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4 responses to "Brilliant Social Proof Display by Mashable" — Your Turn

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Mark Strauss 1. November 2013 at 11:33 am

We’ve been studying “Social Permittivity” or the measure of resistance to viral propagation induced by highly shared information, for some time.

Very interesting stuff. Exceptions appear when individuals begin acting in a journalistic fashion—such as in a crisis—something that dates back to the use of HAM radio communications in the twentieth century.

Mark
@TOGOMedia

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Roger Dooley
Twitter: rogerdooley
1. November 2013 at 12:12 pm

Interesting, Mark. So, while a large number of shares may add credibility to an article, it may reduce the probability that a new visitor will share it?

I think I’ve personally observed that in myself. I’ve read an interesting article, but when I see it’s been tweeted 5,000 times I figure I’m too late and people in my network will probably have read it.

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Mark Strauss 1. November 2013 at 4:16 pm

Roger:

Exactly. The effect appears to influence a post or tweet’s potential to be shared in a viral manor. A high “Social Permittivity” also appears to reduce the level of network entanglement (i.e. a post being shared from one social network to another social network, as opposed to back to its original source).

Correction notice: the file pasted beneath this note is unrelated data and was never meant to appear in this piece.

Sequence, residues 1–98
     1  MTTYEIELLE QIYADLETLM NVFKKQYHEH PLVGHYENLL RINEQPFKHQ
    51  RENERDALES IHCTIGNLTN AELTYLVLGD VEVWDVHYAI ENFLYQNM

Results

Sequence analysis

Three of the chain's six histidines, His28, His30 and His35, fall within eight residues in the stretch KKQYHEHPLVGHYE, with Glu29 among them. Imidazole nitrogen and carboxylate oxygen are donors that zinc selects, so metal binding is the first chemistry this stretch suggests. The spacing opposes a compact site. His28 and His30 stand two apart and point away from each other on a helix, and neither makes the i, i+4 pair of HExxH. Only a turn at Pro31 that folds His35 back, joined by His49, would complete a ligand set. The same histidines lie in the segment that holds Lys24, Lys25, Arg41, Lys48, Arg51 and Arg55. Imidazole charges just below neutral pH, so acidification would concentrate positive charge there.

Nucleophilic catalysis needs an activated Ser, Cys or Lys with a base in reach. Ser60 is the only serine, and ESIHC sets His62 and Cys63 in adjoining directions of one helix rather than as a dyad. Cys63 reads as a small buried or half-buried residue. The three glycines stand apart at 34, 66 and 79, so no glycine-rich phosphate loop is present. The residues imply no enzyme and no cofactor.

We ultimately, however, see little effect on organic SEO. It appears that most search engines do not significantly weight instantaneous propagation rate (we’re guessing).

Thanks for posting. :-)

Mark
@TOGOMedia

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Roger Dooley
Twitter: rogerdooley
1. November 2013 at 5:50 pm

As a recovering SEO, I’d guess some level of social sharing is good. A smart algo would probably adjust for overall site popularity. A Mashable post could be total drivel, but would likely get more shares than a superb post on a less-popular blog. Any published work on your analysis? Feel free to drop a link…

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